Family real estate planning

When is it time to plan transferring ownership of a main residence?

When it comes time to retire, when preparing to move to another country or canton or as part of one’s estate planning, at some point a property owner has to think about transferring title to his or her main residence.

What alternatives does a property owner have within the family?

An owner can transfer title to real property while keeping the right to use it (usufruct, right of occupation or right to rent it) or, conversely, can maintain title to real property while allowing family members to use it. The choice will mainly depend on whether he can remain financially independent. The transferee’s ability to pay for the property is also an important factor in making this decision. Whatever the situation, it is necessary to analyse the transaction from a tax standpoint to determine its costs.

Mélanie Erb-Zimet

Contact Mélanie Erb-Zimet, certified tax expert


How can a property owner transfer title within his family?

He can sell the property (for a cash settlement or an annuity) or make a gift of it (in whole or in part). In either case it is essential to conduct a prior study of the consequences for each of the parties to the transaction as regards liability to income and wealth tax, property taxes and gift tax.

How can one retain title to property while transferring use of it?

The owner can choose to rent the property, in which case he receives taxable rental income and the property continues to be taxed as an asset.

Use of the property can also be granted free of charge to a beneficiary (in the form of usufruct or right of occupation. From a legal point of view usufruct is the right of full use of a building (“quasi-property”), unlike a right of occupation which only entitles the beneficiary to live in it. From a tax standpoint the usufructuary replaces the reversioner (the bare title-holder) in full: it is he who is liable to income tax on the property’s rental value and to wealth tax.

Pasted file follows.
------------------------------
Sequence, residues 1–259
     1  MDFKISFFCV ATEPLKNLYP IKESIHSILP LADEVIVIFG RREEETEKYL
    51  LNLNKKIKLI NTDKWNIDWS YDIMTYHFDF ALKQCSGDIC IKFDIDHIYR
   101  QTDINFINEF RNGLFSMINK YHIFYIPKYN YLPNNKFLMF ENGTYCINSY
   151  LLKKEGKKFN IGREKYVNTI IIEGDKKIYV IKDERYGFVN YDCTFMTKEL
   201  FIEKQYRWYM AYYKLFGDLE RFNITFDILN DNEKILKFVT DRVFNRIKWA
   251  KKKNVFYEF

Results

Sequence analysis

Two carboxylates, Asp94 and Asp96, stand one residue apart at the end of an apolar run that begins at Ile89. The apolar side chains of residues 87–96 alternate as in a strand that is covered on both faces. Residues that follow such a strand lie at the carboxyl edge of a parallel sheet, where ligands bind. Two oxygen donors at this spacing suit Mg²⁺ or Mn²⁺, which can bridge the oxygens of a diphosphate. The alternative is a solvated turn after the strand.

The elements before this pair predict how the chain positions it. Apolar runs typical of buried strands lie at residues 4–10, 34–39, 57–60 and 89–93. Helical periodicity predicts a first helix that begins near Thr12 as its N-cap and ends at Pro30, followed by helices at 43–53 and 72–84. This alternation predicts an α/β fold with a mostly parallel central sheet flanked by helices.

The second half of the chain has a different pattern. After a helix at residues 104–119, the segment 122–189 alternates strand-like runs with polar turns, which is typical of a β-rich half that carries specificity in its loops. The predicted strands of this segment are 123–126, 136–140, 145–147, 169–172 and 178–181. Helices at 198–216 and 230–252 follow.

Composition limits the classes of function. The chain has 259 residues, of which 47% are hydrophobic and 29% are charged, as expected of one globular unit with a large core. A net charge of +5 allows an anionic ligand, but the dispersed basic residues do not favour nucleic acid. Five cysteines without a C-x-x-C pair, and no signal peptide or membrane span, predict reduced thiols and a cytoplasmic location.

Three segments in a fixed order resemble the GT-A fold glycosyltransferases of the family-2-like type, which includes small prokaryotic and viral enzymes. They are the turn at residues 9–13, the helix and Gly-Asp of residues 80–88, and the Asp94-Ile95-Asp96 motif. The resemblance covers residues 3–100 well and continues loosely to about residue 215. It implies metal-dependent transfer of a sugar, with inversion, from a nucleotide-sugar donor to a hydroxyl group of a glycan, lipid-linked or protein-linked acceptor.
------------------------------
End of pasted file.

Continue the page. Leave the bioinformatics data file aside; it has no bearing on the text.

What are the main differences between the above two alternatives in the event of death?

In law the property is part of the deceased owner’s estate. If he has left no instructions in writing (a will or agreement as to succession), the property remains undivided until the estate is divided up. In this situation conflicts often arise between the heirs and can lead to the property’s sale by auction. 

Transferring the property as a gift during the owner’s lifetime is a way of settling the division between heirs. However, it is the property’s market value at the moment of the owner’s death, and not at the time of the gift, that determines the amount of each heir’s share. If the property has gained value, the donee may then have to compensate the other heirs. 

The owner should integrate these factors into his estate planning by considering all his assets (both real and personal property). Prior to any transaction it is very important to draw up a complete inventory (including debts, particularly any mortgages) and analyse the family situation (marital situation, descendants, etc.).

How can Bonhôte Services SA assist owners and beneficiaries?

As advisers and specialists in legal and tax matters, we analyse the personal situation of the owner and the beneficiaries and provide them with our recommendations. We then help them implement the chosen solution and follow up on it, factoring in the notary’s advice and making sure of the tax aspects.